Beyond Fearlessness

January 25, 2016 at 2:46 pm Leave a comment

When I was suffering from the negative aspects of my law suit against the Pythons- mainly fear and insecurity – I was helped greatly by a book by the Tibetan Buddhist teacher Chogyam Trungpa. Trungpa was an amazing character who filled his short life with some impressive accomplishments, including establishing the first modern Buddhist University -Naropa- in Colorado. The book that I used was called Shambhala- The Sacred Path of the Warrior, and its teaching helped me to stay centred during my darkest days and nights.

This teaching says that confidence and bravery are primordial, and that fear and doubt are a later imposition upon them. The events that we encounter in life and how we respond to them create fear and doubt which stop us from acting in our best interests. Fear makes us cowards, even though we were not born cowards. By doubting ourselves we create anxiety. The combination of fear and anxiety gives us stress and if this becomes long lasting, we are in danger of serious illness. By understanding that before fear and doubt there was confidence, and in learning techniques (mainly meditation) to  regain that confidence, we are able to go beyond fear into a kind of ‘fearless zone’. In this zone we can feel protected and can bring out our earliest and strongest positive qualities to fight the negative influences that are assailing us. In using our primordial confidence we are able to become warriors, not aggressive war-like soldiers, but warriors who can create, build and grow things. By re-igniting our inherent confidence, we are able to bring our positivity and inherent goodness to bear against the negativity.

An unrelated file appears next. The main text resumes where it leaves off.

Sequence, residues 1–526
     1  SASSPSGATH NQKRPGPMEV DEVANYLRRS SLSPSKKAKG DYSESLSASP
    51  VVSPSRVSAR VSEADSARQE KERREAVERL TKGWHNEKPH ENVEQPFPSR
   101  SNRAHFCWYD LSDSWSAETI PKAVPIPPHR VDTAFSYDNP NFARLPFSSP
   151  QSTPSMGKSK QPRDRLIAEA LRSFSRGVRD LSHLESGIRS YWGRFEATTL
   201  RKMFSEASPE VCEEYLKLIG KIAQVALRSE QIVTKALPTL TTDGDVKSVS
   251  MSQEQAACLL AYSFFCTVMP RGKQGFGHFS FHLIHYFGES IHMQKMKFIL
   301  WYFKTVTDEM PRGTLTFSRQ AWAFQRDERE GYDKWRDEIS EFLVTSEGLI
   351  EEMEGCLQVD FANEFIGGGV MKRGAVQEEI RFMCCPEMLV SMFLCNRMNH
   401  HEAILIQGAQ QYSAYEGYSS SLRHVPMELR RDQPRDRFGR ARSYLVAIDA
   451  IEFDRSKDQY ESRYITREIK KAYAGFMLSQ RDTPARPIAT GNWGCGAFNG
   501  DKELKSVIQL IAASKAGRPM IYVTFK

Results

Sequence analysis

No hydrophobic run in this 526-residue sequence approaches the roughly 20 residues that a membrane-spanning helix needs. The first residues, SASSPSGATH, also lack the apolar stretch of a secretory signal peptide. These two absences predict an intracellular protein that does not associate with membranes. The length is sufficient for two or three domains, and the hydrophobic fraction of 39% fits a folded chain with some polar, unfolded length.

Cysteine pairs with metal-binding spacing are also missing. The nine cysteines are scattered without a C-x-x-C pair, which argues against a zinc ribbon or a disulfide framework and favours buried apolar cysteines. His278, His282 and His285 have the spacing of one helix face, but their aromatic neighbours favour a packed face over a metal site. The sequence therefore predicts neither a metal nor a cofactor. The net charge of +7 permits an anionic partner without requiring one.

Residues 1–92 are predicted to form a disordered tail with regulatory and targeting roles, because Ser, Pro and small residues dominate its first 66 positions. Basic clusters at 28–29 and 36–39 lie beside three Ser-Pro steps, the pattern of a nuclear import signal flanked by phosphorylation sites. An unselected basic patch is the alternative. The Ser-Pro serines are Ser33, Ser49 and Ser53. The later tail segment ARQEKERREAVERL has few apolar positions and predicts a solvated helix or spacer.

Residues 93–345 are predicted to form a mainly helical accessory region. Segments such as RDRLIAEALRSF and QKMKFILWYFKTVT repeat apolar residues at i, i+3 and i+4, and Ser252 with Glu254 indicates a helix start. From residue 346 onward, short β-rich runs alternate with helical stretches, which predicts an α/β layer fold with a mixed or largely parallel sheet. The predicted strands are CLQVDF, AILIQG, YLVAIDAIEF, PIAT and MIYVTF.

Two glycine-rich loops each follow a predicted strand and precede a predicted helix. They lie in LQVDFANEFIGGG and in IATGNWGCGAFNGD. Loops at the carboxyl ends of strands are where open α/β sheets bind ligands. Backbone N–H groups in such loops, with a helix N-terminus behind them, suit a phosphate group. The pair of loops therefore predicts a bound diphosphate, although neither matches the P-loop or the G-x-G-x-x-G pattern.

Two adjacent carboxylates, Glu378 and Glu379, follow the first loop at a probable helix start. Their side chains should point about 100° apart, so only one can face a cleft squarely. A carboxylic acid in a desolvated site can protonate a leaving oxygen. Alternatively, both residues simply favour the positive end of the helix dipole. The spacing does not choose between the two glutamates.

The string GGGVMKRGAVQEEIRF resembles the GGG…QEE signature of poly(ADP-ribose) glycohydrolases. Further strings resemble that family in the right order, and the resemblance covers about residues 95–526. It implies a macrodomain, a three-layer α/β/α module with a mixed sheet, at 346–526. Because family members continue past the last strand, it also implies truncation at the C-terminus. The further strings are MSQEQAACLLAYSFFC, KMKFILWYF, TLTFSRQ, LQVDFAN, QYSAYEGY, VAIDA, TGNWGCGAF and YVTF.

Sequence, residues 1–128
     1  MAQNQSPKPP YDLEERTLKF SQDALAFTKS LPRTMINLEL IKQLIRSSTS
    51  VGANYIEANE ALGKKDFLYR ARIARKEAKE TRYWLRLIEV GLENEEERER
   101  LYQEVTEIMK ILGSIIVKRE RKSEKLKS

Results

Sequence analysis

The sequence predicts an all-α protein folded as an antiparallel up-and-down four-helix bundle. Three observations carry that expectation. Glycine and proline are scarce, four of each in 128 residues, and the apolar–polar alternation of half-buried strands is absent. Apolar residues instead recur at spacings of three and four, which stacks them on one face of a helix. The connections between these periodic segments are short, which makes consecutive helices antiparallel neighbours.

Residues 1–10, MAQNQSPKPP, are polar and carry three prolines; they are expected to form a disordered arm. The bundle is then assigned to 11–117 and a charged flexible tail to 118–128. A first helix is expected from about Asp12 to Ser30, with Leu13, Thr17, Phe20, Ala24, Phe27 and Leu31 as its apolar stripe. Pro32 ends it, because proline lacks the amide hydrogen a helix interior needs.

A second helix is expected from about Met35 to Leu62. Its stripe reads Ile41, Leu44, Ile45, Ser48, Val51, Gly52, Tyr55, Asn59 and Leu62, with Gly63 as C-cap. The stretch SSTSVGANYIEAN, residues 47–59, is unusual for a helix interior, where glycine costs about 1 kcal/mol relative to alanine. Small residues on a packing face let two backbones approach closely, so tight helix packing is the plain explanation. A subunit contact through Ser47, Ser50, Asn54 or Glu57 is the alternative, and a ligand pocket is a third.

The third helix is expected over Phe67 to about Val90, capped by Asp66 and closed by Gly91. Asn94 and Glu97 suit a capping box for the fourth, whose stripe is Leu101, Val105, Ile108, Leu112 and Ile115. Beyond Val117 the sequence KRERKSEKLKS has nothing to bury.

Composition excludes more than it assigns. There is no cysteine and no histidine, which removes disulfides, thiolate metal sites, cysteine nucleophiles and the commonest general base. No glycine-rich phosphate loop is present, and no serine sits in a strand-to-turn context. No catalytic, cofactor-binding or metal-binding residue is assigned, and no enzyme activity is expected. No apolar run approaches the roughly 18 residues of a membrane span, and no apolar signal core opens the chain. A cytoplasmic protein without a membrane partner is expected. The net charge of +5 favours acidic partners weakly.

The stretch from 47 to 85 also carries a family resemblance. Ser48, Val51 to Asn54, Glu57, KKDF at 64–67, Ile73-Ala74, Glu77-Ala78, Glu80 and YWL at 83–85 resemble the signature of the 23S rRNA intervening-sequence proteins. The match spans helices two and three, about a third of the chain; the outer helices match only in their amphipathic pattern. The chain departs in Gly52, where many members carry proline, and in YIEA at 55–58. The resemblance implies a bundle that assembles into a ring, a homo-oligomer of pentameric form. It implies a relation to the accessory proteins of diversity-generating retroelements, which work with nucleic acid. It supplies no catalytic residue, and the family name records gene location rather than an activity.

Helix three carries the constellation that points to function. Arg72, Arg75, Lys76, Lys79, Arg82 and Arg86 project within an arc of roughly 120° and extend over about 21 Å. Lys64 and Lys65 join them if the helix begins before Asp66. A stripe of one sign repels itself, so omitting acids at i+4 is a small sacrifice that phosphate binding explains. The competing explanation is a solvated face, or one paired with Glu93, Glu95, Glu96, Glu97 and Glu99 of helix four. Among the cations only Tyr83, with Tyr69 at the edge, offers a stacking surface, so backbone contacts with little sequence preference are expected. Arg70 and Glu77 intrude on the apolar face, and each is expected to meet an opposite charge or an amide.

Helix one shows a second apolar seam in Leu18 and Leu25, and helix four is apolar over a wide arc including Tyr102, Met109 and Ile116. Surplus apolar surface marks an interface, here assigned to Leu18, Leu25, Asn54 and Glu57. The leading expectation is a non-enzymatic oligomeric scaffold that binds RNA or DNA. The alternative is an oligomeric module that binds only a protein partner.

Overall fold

There is a strong wisdom in this kind of warriorship, which merely asks us to become who we are, since if we really know who we are we will pursue our aims with bravery and confidence, and not hinder ourselves through fear of the future or doubt about our ability. This is what Heraclitus said about the Warrior:

“Out of every one hundred men, ten shouldn’t even be there, eighty are just targets, nine are the real fighters, and we are lucky to have them, for they make the battle. Ah, but the one, one is a warrior, and he will bring the others back.” 

Bravery is not being afraid of who you are. The Shambhala teachings say that there is a basis of sanity and goodness in our lives which we can tap into at any time. Unfortunately we are not taught how to do this at school, but it’s good there are teachers in the world like Trungpa who can help us to get on the path to this wisdom.

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